Wilson said it's "just wrong" for the sheriff to have an unlimited term of office. "It gives him too much power." Although he said he favors term limits across the board, he said he doesn't have a problem with a longer term of office for the county coroner.
"I support lifting the term limits on sheriff and coroner," Roeber said. "I think the voters ultimately have term limits with the right to vote. With those two positions in particular, experience counts for a lot."
"Generally I'm in favor of term limits, however in the case of sheriff and coroner and maybe surveyor, I am not in favor of term limits," Mason said. "It takes a long time for those people to establish an efficient working relationship. If they're abusive you have the right to vote them out."
Following up on an earlier reference to Agenda 21, one person questioned the relevance to Delta County.
Mason explained, "Agenda 21 is a UN directive looking at sustainable development. What it comes down to is literally the confiscation of your property through the county Master Plan, land use regulations and more regulations that take away your property rights. The county commissioners might think Agenda 21 is not in Delta County. I want to tell you it is here, it is here solidly, and the Hostetler chicken farm is a perfect example of that."
"Agenda 21 also encompasses rewilding — moving people into the cities," Wilson said. "It's a UN resolution that's not going anywhere. The UN can't even manage humanitarian aid missions, let alone come in and take our farm and ranches away. When you hear Agenda 21 it's fearmongering, it's scare tactics. Put it out of your mind."
Roeber said he recognizes that some people might try to implement pieces of Agenda 21, and we should be aware the potential is there. "I acknowledge its existence but I'm not in great fear of it."
The candidates were asked about the role of the county in the regulation of gas development.
Roeber said the commissioners should act as a representative of the people, with the ultimate goal of achieving the least amount of impact for the most amount of energy.
"I'm extremely in favor of energy development and energy independence," Mason said. "There's been no track record for fracking being a danger so I want to leave them alone. Not only leave them alone — with the taxes I'd like to build roads to make it easier to do it."
Wilson took the opposite stance. "I believe the county should take a total hands-on approach to energy policy. I'm opposed to fracking, and I was glad to see the [North Fork] parcels from sale, but that's a battle we're going to have to fight again. I do not want to turn Delta County into a Rifle. The coal mining industry is fine but we need to wean ourselves off fossil fuels and we need to do that now."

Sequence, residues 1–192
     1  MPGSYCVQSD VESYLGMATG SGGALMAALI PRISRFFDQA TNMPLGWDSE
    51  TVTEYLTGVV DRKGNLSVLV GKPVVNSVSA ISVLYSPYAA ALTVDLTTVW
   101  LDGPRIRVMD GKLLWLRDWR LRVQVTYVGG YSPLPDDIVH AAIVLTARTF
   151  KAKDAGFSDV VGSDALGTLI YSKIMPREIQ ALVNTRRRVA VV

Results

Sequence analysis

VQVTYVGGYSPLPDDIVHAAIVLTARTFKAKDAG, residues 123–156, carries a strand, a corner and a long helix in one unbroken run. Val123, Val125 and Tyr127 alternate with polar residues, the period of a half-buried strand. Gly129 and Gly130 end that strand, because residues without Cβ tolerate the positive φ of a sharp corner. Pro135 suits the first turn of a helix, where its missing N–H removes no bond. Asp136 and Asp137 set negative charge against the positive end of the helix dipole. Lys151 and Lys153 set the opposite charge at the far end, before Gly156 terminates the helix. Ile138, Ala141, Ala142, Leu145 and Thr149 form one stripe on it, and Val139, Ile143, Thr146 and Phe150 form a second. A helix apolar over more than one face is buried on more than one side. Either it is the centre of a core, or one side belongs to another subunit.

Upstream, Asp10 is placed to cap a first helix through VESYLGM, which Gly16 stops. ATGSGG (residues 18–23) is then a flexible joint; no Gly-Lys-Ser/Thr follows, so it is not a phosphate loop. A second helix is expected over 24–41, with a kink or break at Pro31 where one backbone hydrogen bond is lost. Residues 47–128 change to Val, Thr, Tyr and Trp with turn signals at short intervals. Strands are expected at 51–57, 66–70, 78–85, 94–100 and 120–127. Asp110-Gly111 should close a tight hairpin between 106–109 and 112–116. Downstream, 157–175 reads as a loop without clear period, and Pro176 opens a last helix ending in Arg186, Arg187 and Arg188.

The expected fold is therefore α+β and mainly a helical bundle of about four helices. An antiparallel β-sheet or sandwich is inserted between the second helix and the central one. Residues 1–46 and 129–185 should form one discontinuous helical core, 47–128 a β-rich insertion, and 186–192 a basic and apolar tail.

The final question dealt with cuts that might be necessary to maintain a balanced budget.
"Thanks to the current commissioners, that's probably not an issue at this time, but I'd put the health and welfare of our citizens at the top of the list, the sheriff's office and safe roads," Roeber said.
Wilson said he would cut the salary of the county commissioners in half. "Personally I don't like to see my tax dollars going to pay a bunch of guys that don't listen to me."
"Well, first of all you don't have the power to do that," Mason explained. "County commissioner salaries are set by the state but that's irrelevant. We're way too involved with people's lives — cut the planning department, look at operating the road department more efficiently, look for efficiencies in the government. I would definitely like to make the [commissioner] job one or two days a week, which means I can't control your lives. I don't even want to control your lives, as opposed to some people who want to give you full value for what they're doing."
In closing, Roeber reitered his priorities — to fight for private property rights, advocate for retention of local business, protect water rights and enhance and preserve multiple use concept of our public lands.
"I stand for clean water and no fracking the North Fork," Wilson said. He also referred to a question posed to the House District candidates about the legalization of marijuana. "Amendment 64 not only legalizes marijuana for recreational use, it also legalizes agricultural hemp and agricultural hemp would be a boon to Delta County."
Wilson also supports small business, four-year term limits and the Second Amendment. I might be a Demcrat but I love guns, and I'm a NRA certified instructor."
Mason vowed to protect the rights which are being steadily eroded by the federal government. Above all, he said, he's about the right to farm and distressed about how that right has essentially been sabotaged by the county commissioners.
Mason's name does not appear on the ballot, so voters will have to check the "Write in" box under Delta County Commissioner District 3 and write Mason's name on the line beneath that box.blog comments powered by Disqus